Scientists Just Found A Use For The Hashtag In Quantum Computing

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Twitter's hashtag just turned 10, and wouldn't you know it, scientists just worked out a far better use for it - at the nanoscale.

See, it turns out that a criss-cross pattern of semiconducting nanowires is the perfect structure to help manipulate a particular type of quasiparticle into quantum bits.

This nano-hashtag structure at scales of a billionth of a metre should help the quasiparticles, known as Majorana fermions, be more easily formed into a qubit: the building blocks for quantum computers.

Majorana fermions are shown to be far more robust than existing qubit technology, and scientists developing this technology reckon it will lead to a new generation of quantum architecture that will end with a scalable, fault-tolerant universal quantum computer.

This kind of architecture is what Microsoft's Station Q is looking for, and recently announced a multi-year partnership at the University of Sydney. One of the researchers involved with this new research is Dr Maja Cassidy, a senior researcher at Station Q Sydney, which is based at the University of Sydney Nanoscience Hub.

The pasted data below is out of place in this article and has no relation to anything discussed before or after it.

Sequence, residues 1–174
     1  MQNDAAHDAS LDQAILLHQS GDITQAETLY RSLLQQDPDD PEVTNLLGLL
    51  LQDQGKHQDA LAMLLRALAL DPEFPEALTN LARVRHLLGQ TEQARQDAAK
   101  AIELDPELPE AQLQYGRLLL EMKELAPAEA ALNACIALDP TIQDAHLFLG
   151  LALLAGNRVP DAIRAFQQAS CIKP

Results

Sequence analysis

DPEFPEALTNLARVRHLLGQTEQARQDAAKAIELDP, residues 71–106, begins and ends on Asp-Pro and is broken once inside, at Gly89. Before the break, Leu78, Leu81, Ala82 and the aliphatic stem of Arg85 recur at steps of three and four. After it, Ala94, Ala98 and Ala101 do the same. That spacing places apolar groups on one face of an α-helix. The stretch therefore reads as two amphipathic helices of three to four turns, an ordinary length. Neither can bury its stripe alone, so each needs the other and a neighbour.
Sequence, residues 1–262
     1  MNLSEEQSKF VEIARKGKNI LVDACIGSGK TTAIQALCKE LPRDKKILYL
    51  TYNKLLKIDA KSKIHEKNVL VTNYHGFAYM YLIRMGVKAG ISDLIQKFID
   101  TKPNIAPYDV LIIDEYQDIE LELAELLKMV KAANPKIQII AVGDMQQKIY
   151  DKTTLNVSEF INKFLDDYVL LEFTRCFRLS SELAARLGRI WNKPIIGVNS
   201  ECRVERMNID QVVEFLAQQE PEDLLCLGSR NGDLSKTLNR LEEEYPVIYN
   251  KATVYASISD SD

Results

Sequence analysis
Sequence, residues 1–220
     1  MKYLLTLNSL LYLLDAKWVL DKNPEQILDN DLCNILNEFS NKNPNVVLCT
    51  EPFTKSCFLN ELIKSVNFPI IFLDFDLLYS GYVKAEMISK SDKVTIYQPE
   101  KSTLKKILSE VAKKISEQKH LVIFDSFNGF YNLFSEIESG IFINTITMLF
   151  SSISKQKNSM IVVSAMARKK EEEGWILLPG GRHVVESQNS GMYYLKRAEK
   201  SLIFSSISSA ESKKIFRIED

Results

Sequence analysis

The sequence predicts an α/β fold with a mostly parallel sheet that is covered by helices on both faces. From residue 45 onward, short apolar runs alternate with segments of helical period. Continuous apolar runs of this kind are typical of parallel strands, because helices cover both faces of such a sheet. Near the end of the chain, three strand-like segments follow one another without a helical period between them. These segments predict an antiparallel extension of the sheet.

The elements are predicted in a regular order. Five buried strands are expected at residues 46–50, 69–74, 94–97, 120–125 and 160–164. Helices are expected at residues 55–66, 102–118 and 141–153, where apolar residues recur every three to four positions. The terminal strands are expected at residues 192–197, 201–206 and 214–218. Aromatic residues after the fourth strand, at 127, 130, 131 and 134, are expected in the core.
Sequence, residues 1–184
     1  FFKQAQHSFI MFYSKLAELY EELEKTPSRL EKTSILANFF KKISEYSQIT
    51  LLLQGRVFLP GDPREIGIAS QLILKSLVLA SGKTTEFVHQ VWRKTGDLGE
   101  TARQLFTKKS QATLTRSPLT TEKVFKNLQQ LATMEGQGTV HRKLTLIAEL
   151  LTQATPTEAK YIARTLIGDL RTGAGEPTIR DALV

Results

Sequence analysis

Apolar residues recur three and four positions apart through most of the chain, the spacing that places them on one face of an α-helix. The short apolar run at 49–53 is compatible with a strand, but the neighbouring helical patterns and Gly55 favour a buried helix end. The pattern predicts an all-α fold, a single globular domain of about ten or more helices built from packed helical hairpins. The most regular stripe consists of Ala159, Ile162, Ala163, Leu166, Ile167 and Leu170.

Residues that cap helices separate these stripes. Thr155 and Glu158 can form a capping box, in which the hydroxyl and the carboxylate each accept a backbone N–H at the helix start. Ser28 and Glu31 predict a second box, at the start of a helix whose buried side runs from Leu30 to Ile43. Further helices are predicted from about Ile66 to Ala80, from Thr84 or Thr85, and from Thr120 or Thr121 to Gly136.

"Networks of nanowires are crucial to demonstrate how Majorana fermions interact through braiding," said Dr Cassidy. "These will be a fundamental building block for topological quantum computation."

Dr Cassidy worked on the research team while she was at TU Delft in the Netherlands.



    So...I am assuming the whole process is cooled to around 1 kelvin if they are using Aluminium as a superconductor? Or does the "spraying" they do actually align the Aluminium atoms in a cooper paring configuration? In which case the whole process still needs to be cooled to around 100 kelvin.

    That being said, could they scale up the hash tag formation so that they could get more Majorana using circle packing?

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